It’s always nice to see anti-quackery efforts in mainstream medical and science journals. We need much more of it. At times it can seem as if SBM advocates are a lone voice and the bulk of our profession are unaware shruggies about the threat of pseudoscience infiltrating our profession.
A recent article in The Surgeon by Ben Li, Thomas L. Forbes, and John Byrne was a rare and welcome sanity check pushing back against the recent fad of nonsense in health care. Their title, “Integrative medicine or infiltrative pseudoscience?” coins a nice term I will probably start using. That is exactly what so-called alternative medicine is – an infiltration of pseudoscience into the medical profession and health care industries.
The article will appear pretty basic for regular SBM readers, but that is OK. It is a good introduction to the problem, and anything that stokes a broader conversation is a good thing. They outline the risks of infiltrative pseudoscience:
The use of CAM may cause harm to patients through interactions with evidence-based medications or if patients choose to forego evidence-based care. CAM may also put financial strain on patients as most CAM expenditures are paid out-of-pocket.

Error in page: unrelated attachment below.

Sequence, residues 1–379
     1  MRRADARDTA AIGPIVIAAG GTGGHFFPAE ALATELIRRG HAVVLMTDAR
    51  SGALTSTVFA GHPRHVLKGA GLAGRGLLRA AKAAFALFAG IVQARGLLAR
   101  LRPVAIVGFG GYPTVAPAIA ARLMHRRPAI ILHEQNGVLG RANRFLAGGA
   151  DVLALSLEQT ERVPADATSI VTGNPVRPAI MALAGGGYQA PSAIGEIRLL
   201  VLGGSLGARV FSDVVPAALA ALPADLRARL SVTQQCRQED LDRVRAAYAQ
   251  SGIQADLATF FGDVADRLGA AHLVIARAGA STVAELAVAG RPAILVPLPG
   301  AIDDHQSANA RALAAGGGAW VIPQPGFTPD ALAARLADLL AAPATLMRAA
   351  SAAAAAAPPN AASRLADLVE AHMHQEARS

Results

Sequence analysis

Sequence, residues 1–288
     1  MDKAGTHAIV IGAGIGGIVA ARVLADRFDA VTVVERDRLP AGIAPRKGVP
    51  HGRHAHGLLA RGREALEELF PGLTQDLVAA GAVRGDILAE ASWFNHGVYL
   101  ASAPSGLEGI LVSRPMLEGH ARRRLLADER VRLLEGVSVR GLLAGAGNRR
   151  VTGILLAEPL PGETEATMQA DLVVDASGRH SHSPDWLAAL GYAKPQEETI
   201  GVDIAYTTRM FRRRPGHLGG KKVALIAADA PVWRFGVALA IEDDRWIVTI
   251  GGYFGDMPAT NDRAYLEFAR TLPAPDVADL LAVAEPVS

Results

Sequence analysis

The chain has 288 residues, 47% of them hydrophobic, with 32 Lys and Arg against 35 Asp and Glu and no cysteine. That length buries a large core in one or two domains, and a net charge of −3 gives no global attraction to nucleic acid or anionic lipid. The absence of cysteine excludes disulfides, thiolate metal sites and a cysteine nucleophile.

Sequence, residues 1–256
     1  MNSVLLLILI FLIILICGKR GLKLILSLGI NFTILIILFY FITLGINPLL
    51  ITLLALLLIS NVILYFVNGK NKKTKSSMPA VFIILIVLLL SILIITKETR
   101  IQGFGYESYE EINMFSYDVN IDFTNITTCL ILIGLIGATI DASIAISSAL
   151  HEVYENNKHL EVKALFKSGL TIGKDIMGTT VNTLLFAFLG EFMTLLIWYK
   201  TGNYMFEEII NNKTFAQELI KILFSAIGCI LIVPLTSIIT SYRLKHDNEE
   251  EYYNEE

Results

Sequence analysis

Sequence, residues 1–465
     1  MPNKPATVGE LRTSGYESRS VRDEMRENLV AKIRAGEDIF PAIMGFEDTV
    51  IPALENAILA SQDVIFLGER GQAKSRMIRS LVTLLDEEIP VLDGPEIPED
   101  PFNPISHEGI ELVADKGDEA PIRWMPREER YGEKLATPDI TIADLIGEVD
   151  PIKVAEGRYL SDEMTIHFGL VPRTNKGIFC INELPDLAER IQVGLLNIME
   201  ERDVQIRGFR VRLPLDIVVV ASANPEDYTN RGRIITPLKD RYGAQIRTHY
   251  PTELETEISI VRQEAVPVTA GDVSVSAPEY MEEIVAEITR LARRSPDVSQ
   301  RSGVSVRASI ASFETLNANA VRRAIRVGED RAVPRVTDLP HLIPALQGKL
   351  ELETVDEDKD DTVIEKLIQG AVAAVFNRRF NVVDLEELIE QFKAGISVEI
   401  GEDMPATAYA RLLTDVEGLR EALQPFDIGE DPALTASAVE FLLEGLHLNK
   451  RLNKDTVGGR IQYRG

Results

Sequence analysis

Some CAM treatments are not inert. They can therefore cause direct harm, or may have interactions with evidence-based treatments that cause direct harm. Usually, for those who have not thought deeply about this topic, potential direct harm is the only concern that comes to mind when considering the potential downside of using pseudoscientific treatments. This is only the tip of the iceberg, however.
With a little thought people will also usually realize that even harmless treatments may delay or replace effective medicine, and this too is a source of harm. While this may seem obvious, there is also some objective data to support this conclusion. As David Gorski recently noted, a 2017 study of cancer patients found that using CAM cancer treatments was associated with a higher death rate. This likely was mostly due to delayed or refused standard treatment.
The authors also note the potential financial harm, which I think is more extensive than even we realize. Once a desperate patient is in the clutches of an alternative practitioner, promising side-effect free “natural” cures for serious ailments, it is not unusual for the mark to pay tens or even hundreds of thousands of dollars. Sometimes the patient or their family has to raise funds from friends, family, coworkers, and others to pay these high costs, spreading the harm around.